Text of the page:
The team met at the Brown farm on November 28.  All the ewes had been placed in a pasture next to the three rams for two weeks prior to the insemination date. On the morning of November 28, ewes were all displaying behavior consistent with standing heat, and all three rams were responding with aggressive mating behavior. AI day was very cold, and maintaining the semen handling equipment temperature at or near 100 F was difficult. Collection procedures began mid-afternoon. All three rams displayed great willingness to tease/mount ewes in chute, and appeared to climax to ejaculation in the AV, however no fluid ejaculate was obtained. Each ram produced only 1-2 mL of froth, which, upon microscopic examination, contained no viable sperm cells. This may have been caused by the cold temperature and difficulty attaining proper heat and pressure in the AV. After a minimum of four attempts per ram with no successful ejaculate, ewes were divided and turned out with their designated rams for natural cover. No AI was able to be performed.  Since fine wool is a product on this farm, marking harnesses were not used, but copulatory behavior was observed immediately by every ram upon turnout with ewes.

           

Ultrasound examination of all 29 ewes was performed on January 6, 2015, at 37 days post initial exposure to rams, with16 of 29 ewes ultrasounded pregnant from first ovulation.  This computes to a 55% conception on first ovulation, via natural cover, with the CIDR synchronization protocol.  Any ewes that scanned open with ultrasound were turned back out with their respective rams for one more cycle, or until January 15, 2015. Ultrasound was performed again on March 12, 2015 to determine overall conception from later ovulations.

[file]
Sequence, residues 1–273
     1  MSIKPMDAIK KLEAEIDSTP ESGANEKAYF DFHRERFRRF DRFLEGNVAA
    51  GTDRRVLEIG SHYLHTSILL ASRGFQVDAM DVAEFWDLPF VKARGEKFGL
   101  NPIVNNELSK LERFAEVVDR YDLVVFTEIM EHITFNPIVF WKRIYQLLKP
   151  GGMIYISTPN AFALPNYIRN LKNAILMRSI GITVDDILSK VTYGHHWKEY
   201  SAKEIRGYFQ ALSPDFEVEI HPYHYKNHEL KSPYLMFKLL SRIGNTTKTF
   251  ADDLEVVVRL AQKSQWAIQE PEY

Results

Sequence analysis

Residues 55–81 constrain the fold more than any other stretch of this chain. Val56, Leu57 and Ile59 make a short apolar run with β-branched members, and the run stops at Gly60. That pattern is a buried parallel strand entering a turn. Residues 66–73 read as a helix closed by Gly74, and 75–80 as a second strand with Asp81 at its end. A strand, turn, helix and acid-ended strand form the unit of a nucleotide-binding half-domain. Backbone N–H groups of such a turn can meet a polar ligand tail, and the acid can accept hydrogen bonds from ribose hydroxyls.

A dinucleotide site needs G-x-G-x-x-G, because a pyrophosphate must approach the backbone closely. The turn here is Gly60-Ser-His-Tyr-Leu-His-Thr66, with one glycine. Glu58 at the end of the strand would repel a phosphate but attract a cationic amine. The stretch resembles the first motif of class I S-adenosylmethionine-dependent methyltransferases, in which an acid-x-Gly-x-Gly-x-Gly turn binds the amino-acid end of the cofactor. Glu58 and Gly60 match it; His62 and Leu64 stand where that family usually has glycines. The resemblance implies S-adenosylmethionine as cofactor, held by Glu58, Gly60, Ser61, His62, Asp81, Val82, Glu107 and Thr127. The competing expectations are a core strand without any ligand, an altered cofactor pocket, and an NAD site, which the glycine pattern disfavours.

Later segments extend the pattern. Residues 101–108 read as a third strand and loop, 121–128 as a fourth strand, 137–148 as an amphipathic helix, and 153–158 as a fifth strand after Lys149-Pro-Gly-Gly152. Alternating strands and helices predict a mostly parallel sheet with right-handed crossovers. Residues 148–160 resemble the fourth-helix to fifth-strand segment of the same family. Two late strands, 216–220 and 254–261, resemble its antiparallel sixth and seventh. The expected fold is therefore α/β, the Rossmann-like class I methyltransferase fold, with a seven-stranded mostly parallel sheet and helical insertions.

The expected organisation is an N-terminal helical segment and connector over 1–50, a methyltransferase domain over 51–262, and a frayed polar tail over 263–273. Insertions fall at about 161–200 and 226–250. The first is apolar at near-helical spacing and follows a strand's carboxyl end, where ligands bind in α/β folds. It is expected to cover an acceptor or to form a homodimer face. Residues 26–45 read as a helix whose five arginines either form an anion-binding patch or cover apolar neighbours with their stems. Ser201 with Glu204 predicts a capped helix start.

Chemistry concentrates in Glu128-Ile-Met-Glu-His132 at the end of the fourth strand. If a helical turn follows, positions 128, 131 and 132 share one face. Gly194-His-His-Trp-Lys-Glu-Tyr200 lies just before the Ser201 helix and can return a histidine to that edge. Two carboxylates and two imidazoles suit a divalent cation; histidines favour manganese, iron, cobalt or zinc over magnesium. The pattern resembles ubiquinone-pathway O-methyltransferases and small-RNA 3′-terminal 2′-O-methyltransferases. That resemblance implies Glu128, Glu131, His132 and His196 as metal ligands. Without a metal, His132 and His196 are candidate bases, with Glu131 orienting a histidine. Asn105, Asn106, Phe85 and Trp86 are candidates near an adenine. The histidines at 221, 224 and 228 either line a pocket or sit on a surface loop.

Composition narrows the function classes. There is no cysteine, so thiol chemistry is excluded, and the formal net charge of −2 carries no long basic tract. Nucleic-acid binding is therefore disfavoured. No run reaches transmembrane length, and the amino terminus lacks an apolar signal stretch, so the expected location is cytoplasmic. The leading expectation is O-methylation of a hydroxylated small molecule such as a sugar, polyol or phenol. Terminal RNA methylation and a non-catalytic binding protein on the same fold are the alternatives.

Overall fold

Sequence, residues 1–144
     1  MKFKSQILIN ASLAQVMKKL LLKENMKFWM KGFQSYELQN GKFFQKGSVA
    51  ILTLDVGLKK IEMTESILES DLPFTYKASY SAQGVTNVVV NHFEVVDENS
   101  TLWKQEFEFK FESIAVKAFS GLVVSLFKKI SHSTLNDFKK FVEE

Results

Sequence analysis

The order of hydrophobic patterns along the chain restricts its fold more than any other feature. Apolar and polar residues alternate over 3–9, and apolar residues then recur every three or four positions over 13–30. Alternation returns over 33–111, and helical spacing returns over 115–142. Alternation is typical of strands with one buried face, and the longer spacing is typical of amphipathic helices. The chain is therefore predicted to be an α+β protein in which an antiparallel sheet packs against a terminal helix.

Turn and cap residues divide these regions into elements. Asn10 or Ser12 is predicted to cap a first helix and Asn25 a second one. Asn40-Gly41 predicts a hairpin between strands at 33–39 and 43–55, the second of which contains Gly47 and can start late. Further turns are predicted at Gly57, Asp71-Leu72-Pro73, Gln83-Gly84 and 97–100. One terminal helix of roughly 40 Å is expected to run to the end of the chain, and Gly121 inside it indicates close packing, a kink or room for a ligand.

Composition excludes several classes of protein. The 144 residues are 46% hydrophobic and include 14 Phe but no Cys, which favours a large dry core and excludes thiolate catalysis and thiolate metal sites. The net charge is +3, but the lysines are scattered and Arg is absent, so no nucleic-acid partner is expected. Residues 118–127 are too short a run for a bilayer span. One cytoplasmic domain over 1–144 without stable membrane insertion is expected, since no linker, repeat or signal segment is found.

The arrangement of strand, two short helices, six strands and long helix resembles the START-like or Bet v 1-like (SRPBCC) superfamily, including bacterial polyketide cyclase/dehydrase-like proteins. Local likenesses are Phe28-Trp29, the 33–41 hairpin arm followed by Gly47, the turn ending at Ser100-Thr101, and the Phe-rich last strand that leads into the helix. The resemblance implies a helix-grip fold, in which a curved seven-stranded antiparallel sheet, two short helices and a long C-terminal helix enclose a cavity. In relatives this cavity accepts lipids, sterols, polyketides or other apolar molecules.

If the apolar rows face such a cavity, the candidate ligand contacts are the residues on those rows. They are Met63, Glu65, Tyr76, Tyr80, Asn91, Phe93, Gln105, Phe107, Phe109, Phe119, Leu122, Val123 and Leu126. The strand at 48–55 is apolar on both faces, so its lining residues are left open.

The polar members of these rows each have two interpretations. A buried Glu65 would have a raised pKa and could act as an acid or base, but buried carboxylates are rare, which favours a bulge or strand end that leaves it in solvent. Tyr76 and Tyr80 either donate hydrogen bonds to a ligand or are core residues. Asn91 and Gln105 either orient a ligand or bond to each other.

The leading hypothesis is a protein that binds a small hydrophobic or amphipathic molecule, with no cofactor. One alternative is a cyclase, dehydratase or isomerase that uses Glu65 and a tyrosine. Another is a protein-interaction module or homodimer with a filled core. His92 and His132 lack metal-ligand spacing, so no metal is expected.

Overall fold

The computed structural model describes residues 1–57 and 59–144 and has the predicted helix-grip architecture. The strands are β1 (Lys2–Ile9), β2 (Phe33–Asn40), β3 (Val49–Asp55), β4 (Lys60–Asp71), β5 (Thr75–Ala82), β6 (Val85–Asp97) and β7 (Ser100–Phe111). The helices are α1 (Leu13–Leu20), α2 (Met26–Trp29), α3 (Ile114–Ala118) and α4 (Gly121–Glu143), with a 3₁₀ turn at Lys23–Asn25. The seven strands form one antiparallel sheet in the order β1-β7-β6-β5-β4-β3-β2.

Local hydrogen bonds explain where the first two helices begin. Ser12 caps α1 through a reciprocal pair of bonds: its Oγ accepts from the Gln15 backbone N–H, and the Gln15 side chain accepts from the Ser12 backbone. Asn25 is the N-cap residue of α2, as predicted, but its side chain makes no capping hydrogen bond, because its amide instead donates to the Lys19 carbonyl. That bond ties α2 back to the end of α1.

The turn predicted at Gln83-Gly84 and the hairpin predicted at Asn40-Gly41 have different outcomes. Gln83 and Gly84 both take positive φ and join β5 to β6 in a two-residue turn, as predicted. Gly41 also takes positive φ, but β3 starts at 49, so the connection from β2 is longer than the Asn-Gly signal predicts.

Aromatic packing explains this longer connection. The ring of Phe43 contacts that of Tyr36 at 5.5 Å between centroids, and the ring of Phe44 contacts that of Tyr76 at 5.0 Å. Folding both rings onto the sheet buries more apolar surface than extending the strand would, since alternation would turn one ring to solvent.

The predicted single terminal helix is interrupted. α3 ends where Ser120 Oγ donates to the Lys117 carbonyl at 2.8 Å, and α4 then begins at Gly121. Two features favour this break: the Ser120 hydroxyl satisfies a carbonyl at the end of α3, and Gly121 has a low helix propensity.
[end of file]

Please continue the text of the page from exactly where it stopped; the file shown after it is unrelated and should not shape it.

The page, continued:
Accomplishments

Overall, each member of the team learned to synchronize estrous using CIDRS, and to inseminate ewes using vaginal AI technique.  We found that training the rams, or getting rams accustomed to handling during breeding, helped improve the success rate of semen collection using an artificial vagina.  Our results in the second year were greatly hindered by our difficulties in semen collection. 

 

The average conception rate across all three farms in Year 1 was 38%, with a range of 20% to 50%.  In Year 2, the average conception rate for the ewes actually inseminated was 35%; for ewes inseminated with fresh semen the rate was 40%.   The table below provides a summary.

 

 

 

 

Ewes

Ultrasound

Lambs Born

Farm

Year

Bred

w/AI

Number Scanned Pregnant

%

Ewes Lambing w/AI

%

Live Births w/AI

Lambing Rate

w/AI

Brown

2014

20

5

25%

4

20%

7

175%

Brown

2015

0

0

0%

0

0

0

0

Bielek

2014

20

10

50%

10

50%

23

230%

Bielek

2015

20

8

40%

8

40%

12

150%

Duerr

2014

20

9

45%

9

45%

14

155%

Duerr

2014

6

4

66%

1

17%

1

100%

 

Potential Contributions

Vaginal AI was shown to be an acceptable method for producers to economically artificially inseminate their sheep flocks.  However, some technical assistance would be needed for most farmer producers in order to achieve a good outcome. This project helped to underscore the importance of breeding soundness exams in rams.  We feel that further training and research pertaining to semen collection and handling are needed before this method will receive wide-spread adoption.